Researchers with UTEP’s Border Region Modeling Project presented their financial forecasts for Las Cruces, El Paso and Mexico’s Ciudad Juarez and Chihuahua City during a recent forum.
New Mexico, and Las Cruces in particular, has been slow to recover since the recession hit more than 10 years ago in December 2007.
According to data from the Bureau of Labor Statistics, New Mexico’s unemployment rate finished 2017 at 6 percent, about 2 percent above the national average. The Las Cruces jobless rate in November was slightly higher at 6.3 percent. UTEP Professor of Economics Tom Fullerton said the city’s sluggish recovery is largely because of state and federal budget woes.
“That’s hurt the overall economic performance of the city because the public sector represents a proportionally larger segment of the Las Cruces metropolitan economy than it does elsewhere in New Mexico or in El Paso,” Fullerton said.
Meanwhile, El Paso is seeing a 40-year low in unemployment. It was four percent in December and has remained under six percent for three straight years for the first time since mid-1973. That’s despite El Paso having a higher jobless rate than Las Cruces during the height of the recession.
“They face the same problem but their economy is a little bit larger and a little more diverse here in El Paso than in Doña Ana County,” Fullerton said.
Fullerton said the lack of diversification in Las Cruces translates into slower rates of business and income growth.
“It’s been a tough 10-year period and that’s not unique to Las Cruces, that has been observed in most of the state of New Mexico as a whole,” Fullerton said.
Project associate director Adam Walke co-authored the report with Fullerton. He said he expects Las Cruces to keep growing in the next few years. But the outlook isn’t bright beyond the current forecast.
“At some point, it’s hard to say when, the national and state economies are going to return to recession and at that point we would expect a rise in unemployment and lower GMP in Las Cruces as in other places,” Walke said. “But for the short term, in the next 2 years, we expect the economy in Las Cruces to continue growing.”
GMP, or gross metropolitan product, measures a city’s economic performance.
According to the report, Las Cruces’ GMP is projected to be more than $5.8 billion by 2019 while El Paso is forecasted to grow to nearly $28 billion. The report said while business in Las Cruces is gradually strengthening, the total number of businesses will still be below 2007 peak levels through the current forecast.
Population growth in Doña Ana County has also leveled off since the recession. The report estimates the county’s population in 2019 will be about 217,000 residents, just 12,000 more people than in 2009. Fullerton said people are finding better jobs out of state in Texas and Arizona.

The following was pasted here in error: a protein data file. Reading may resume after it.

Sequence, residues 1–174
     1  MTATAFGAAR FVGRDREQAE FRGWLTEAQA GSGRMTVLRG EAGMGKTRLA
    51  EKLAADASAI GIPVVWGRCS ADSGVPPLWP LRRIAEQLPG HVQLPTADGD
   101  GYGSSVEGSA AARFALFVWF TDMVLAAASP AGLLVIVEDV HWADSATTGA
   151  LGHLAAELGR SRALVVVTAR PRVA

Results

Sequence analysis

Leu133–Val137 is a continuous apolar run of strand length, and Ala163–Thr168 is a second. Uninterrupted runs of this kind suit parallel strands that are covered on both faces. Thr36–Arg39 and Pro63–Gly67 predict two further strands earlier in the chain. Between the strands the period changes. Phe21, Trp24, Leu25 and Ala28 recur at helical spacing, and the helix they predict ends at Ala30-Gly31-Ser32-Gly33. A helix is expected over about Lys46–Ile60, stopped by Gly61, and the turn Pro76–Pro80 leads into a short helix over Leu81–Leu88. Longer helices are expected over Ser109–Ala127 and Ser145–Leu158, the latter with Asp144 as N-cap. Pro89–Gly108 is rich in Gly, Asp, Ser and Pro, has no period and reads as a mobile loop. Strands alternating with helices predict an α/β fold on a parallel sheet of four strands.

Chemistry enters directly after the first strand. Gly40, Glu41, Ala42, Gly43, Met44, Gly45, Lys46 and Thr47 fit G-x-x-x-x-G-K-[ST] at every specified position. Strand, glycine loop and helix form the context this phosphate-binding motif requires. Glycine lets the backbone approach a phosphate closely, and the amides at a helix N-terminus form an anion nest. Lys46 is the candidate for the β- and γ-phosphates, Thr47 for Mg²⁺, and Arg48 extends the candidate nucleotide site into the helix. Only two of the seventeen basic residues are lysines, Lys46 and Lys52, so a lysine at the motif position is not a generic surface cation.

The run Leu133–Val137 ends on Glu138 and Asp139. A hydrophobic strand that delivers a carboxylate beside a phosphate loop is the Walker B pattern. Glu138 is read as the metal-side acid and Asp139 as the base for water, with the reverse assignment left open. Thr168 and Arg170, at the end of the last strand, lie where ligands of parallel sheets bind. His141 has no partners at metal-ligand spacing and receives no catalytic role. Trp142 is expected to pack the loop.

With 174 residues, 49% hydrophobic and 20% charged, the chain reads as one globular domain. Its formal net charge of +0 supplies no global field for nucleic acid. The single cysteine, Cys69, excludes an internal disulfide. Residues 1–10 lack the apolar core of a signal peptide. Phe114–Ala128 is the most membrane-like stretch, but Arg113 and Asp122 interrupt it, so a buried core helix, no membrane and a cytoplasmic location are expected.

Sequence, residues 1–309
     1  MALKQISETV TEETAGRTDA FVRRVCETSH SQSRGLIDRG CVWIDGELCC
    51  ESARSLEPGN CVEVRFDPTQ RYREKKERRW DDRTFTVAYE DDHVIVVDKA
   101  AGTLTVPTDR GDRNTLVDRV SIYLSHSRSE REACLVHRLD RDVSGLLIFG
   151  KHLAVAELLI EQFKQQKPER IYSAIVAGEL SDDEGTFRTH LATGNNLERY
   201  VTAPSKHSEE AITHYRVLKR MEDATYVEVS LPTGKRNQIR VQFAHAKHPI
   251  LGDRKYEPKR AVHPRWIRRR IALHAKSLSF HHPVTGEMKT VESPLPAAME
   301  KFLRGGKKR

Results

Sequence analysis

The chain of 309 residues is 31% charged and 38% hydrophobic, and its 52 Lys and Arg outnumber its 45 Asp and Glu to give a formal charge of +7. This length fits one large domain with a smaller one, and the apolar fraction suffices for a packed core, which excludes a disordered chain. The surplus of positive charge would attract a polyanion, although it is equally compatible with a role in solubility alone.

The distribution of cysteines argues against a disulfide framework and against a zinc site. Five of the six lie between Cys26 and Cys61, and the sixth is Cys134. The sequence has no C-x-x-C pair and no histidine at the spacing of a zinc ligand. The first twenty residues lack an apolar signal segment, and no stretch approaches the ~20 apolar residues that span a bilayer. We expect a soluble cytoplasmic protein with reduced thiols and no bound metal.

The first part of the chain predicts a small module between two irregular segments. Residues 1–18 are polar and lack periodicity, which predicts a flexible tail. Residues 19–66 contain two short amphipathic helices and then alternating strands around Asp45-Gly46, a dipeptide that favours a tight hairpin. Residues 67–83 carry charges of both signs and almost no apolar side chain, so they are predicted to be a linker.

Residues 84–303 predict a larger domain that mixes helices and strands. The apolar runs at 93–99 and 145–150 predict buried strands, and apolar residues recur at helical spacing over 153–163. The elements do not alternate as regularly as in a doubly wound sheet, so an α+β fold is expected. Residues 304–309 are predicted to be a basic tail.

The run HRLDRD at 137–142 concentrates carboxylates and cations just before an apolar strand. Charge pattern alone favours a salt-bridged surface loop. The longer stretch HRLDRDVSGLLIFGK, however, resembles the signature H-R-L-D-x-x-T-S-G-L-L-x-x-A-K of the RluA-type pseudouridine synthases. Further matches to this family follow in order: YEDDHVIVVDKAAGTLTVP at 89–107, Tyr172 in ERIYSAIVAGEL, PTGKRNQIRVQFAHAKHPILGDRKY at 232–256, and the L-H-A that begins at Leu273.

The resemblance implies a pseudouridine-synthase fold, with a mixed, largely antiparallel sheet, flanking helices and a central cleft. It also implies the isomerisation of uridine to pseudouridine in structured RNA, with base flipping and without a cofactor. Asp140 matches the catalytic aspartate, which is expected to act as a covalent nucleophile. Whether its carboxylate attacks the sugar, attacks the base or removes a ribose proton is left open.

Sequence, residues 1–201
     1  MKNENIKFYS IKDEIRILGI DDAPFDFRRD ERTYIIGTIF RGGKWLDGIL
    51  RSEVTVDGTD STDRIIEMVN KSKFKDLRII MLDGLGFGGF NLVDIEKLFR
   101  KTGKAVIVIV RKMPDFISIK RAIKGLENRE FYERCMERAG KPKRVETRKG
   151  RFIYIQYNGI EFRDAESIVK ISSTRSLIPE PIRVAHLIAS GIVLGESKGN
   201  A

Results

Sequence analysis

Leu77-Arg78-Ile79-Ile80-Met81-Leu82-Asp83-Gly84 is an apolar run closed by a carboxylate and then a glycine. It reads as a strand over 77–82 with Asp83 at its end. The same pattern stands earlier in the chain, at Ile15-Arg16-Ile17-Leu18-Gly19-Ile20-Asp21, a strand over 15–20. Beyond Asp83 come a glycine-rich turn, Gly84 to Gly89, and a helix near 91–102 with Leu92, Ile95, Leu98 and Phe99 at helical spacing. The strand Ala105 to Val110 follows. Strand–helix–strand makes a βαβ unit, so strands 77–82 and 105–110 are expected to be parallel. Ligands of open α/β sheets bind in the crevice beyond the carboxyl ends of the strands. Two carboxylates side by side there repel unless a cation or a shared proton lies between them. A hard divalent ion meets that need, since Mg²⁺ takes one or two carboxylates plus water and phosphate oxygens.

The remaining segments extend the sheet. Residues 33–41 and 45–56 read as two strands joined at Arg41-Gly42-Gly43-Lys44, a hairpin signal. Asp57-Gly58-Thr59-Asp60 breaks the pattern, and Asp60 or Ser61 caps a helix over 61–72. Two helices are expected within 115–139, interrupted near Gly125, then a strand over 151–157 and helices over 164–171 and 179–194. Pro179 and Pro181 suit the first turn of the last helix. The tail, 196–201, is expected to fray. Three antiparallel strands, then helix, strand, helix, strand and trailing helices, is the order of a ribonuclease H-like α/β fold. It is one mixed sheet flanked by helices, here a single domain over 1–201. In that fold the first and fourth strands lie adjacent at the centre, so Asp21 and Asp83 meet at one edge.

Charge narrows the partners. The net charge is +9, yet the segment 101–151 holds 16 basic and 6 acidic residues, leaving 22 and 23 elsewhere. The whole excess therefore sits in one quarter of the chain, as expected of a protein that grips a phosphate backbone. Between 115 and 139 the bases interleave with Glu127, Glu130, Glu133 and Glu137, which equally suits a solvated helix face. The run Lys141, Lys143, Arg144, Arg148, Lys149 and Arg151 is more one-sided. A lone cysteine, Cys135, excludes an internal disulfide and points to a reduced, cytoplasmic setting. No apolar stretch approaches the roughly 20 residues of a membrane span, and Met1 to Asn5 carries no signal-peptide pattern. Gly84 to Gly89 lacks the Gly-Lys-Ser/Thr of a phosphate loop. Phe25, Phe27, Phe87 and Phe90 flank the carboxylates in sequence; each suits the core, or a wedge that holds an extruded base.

Median inflation-adjusted household income in Las Cruces was $41,215 according to 2016 U.S. Census Data. That’s more than $2,000 lower than El Paso and more than $4,000 lower than the state average.
One major risk that will impact the Borderplex economies is the outcome of the North American Free Trade Agreement, or NAFTA. If the U.S. pulls out of the agreement, Fullerton said analyses show Mexico and Canada will both fall into fairly steep recessions, while the U.S. will fall into a shallower recession accompanied by higher prices.
“Well that combination is referred to at least during the Carter years of economic history in the United States as stagflation so we may observe the reemergence of stagflation in the United States,” Fullerton said.
Fullerton said many companies are aware of the risks of NAFTA’s restructuring and have been putting together contingency plans to work around the agreement.
There are some bright spots. Total employment in the Mesilla Valley has exceeded 102,000 people for the first time. Fullerton said the private sector in Las Cruces is seeing gains and will continue to do well.
“Manufacturing has stabilized, it’s growing a little bit,” Fullerton said. “Trade and transportation are doing much better... the hotel sector, the hospitality sector is doing well in Las Cruces and the healthcare sector is doing well. But the private sector can’t do it all by itself in Las Cruces.”
Walke agrees Las Cruces has a lot of strong points, and said the city should continue to diversify its economy to increase growth.
“It has a strong tradition in attracting retirees, people who come from other states to enjoy the weather in the Southwest and I think that that’s something they can capitalize on in the future and perhaps use that as a catapult to grow at a faster pace,” Walke said.
Walke said the recently passed federal tax bill will likely increase GMP and lower unemployment in the short term for Las Cruces and El Paso.